SEVEN YEARS IN FRANCE!!!
Today is our anniversary for seven years in France. Here's a photo of our little 'family' (I've added seven fireflies as it is a celebration!):
To be honest, it only seems like seven years when I think about it. Three or four, maybe, but seven? Yikes!
I dunno... I was flipping through an offline copy of a BBC micro mailing list and I noticed a message saying that Paul Vigay was no longer with the living. Whoa, what? When? How? I guess this is in part being "out of the loop" and also in part because it just seems to me like I've been away for a much shorter time than I have been. Okay, a smart bloke said time is relative, but that doesn't mean I aged seven years while Paul added seventy, but still... something of a shock, that.
Talking of shock, some people still seem shocked that I'm done with Britain and have not been back, nor have plans to return. I guess we just kinda got fed up. There is no one single thing that I can say "this was it!". I could take a cheap shot and point to Hazel Blears, but then again am I to believe that all the French politicians are not in the slightest bit corrupt? I think it is part and parcel of the edifice of power. It's just, I dunno, the country no longer seemed like "home" any more. I'm not sure if I feel that way about France, but I feel more settled here than I ever did in twenty eight years of living in southern England.
Part of me would like to go back, if only to visit the places I once haunted. But an equal part of me never wants to go back. I used to live in Bridwater (circa 1993ish) and I want back around 1998ish and my God had it changed. It seemed half the shops I knew were either boarded up or charity outlets. The place looked tatty. I believe it has been fixed up a little since then, and I dimly recall it briefly holding some sort of award for the largest number of surveillance cameras (which is possibly a very bad thing indeed, they're expecting what? student riots? gang warfare? grannies with loaded handbags at dawn?). It's better when places evolve around you as you are a part of the changes. Our own teeny-tiny commune has completed the first phase of its "lotissment" (generic crap breezeblock Monopoly houses, no character whatsoever) and is working on the second phase. That'll probably double the population of the place! Bridgwater? What's changed in a decade and a half? Do I want to know?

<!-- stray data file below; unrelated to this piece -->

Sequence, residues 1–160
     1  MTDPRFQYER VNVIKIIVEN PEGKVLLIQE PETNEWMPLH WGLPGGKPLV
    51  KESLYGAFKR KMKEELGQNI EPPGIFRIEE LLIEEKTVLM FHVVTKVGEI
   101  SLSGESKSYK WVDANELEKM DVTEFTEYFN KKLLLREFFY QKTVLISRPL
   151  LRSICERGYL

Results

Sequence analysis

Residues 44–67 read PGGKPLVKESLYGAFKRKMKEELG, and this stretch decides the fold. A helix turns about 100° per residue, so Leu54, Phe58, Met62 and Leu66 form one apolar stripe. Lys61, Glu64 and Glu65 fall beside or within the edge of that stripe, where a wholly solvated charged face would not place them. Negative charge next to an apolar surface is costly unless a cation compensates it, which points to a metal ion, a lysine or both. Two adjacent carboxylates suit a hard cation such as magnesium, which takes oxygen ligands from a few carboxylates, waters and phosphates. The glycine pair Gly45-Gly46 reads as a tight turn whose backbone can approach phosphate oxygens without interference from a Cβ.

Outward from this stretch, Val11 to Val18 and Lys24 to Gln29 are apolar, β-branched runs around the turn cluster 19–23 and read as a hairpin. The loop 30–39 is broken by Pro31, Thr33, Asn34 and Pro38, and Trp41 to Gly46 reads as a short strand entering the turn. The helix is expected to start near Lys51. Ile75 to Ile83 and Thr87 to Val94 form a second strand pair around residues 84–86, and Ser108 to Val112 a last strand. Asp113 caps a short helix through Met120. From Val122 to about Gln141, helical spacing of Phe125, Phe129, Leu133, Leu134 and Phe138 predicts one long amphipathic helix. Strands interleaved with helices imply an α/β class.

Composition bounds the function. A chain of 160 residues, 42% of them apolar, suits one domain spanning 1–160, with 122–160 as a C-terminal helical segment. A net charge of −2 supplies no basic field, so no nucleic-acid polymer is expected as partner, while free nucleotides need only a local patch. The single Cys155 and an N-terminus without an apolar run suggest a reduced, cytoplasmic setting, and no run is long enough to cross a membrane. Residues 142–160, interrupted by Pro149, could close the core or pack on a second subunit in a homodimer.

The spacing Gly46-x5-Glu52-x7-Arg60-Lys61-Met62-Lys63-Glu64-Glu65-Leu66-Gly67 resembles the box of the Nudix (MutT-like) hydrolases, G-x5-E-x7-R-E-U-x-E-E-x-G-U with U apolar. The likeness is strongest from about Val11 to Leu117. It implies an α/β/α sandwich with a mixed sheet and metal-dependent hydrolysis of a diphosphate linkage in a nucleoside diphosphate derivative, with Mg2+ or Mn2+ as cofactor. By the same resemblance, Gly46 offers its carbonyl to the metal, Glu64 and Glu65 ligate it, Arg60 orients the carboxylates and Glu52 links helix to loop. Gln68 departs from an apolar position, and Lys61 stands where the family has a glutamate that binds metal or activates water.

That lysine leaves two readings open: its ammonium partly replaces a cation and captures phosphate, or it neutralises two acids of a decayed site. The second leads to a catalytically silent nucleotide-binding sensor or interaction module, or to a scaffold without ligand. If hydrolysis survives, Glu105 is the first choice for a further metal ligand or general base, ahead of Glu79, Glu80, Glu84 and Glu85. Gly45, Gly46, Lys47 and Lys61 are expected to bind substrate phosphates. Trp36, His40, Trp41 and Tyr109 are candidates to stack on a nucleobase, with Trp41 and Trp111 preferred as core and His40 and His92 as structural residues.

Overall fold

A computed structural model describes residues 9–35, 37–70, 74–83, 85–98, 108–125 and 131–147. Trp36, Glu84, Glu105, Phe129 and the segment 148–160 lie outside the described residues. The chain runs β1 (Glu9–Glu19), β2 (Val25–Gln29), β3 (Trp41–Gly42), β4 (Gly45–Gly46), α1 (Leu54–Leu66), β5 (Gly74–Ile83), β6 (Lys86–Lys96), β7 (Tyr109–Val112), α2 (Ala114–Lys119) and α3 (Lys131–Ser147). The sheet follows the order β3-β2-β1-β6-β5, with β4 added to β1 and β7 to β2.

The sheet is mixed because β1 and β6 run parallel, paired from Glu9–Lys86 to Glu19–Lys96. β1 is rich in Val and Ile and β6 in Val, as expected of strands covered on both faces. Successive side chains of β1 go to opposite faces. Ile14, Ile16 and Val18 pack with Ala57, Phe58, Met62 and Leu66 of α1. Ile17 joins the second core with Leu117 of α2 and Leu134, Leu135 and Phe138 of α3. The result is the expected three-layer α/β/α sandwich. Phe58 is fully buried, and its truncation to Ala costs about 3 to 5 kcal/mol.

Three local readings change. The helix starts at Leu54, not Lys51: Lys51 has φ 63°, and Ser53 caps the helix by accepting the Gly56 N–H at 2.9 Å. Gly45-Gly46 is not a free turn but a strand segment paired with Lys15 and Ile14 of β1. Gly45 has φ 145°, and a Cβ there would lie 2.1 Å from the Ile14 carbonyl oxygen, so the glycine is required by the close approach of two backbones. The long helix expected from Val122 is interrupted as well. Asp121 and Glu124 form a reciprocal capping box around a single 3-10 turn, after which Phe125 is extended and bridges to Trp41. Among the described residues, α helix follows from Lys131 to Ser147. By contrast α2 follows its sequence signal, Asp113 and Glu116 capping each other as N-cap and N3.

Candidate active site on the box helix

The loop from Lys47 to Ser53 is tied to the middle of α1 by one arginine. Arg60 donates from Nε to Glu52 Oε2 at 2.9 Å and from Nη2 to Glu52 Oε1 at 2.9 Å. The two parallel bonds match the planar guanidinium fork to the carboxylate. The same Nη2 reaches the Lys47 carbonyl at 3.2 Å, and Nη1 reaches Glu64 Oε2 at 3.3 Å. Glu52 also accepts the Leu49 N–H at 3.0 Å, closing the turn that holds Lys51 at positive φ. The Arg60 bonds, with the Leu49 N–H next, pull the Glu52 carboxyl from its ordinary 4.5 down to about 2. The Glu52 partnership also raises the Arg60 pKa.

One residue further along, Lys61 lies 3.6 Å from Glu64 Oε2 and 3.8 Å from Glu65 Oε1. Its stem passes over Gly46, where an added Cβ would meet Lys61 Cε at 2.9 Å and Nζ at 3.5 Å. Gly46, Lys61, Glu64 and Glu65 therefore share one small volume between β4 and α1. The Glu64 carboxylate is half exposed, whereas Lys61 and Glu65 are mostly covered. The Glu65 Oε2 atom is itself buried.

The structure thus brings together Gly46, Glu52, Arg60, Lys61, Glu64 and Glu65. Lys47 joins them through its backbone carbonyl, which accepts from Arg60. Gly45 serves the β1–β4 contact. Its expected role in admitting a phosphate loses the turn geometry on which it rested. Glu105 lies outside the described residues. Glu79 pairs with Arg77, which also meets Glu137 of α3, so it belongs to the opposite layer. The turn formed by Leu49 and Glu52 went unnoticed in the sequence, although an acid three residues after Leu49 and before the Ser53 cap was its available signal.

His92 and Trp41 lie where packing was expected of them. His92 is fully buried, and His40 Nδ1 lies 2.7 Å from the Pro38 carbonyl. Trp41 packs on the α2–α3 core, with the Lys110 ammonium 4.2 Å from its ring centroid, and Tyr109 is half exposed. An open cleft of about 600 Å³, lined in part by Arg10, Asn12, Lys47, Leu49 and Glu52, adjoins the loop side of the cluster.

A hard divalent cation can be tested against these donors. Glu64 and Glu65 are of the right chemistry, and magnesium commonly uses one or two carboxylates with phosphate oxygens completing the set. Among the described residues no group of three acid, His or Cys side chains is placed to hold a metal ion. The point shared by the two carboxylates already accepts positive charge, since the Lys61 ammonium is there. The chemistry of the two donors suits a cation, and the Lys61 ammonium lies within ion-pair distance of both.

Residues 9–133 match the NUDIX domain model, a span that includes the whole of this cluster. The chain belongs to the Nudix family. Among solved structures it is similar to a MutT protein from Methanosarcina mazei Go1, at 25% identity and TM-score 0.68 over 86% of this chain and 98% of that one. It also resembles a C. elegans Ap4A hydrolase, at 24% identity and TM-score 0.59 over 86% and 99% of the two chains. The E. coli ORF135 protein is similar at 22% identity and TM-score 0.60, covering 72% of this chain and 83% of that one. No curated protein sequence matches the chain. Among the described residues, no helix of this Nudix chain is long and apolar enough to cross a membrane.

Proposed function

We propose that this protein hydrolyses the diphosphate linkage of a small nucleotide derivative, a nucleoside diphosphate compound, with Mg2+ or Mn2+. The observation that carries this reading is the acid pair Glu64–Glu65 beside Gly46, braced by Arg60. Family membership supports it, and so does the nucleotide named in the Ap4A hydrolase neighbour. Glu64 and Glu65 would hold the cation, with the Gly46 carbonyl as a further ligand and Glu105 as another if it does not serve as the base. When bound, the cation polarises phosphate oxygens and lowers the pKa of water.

We used to go on holiday to Cornwall. Odd little 'A'-frame buildings. I think the place was called "Forda"? Lovely spot, tranquil. The houses were pretty good too, open plan downstairs, two bedrooms above. Set up well for holiday use. We'd visit places like Torbay, Loue (Looe?), Padstow (lovely bookshop on the corner, and very chip-friendly gulls)... It's been something like twenty years. I hear there's a bloody great motorway through the middle of Bodmin Moor and Torbay is the capital of teenage pregnancy in the UK (possibly in Europe?). So not how I remember it!
I'd love a KFC, and a couple of packs of Mr. Kipling Bramley Apple Pies. But I think I prefer my memories more. The way places used to be. I wonder what this economic nonsense has done to Woking town centre? (another nice bookshop) Or to Guildford? (a nice second-hand bookshop) Or to Fleet? (nice latté place, out of town a garden centre I watched evolve from a greenhouse with a garden shed attached)
So, yes, there's a small part of me that would like to go back for a visit. But on the long run I am done with the UK. A friend once said "what if you can no longer stay in France". My reply - "Why return to England when there's a whole world to discover!"
TV in France?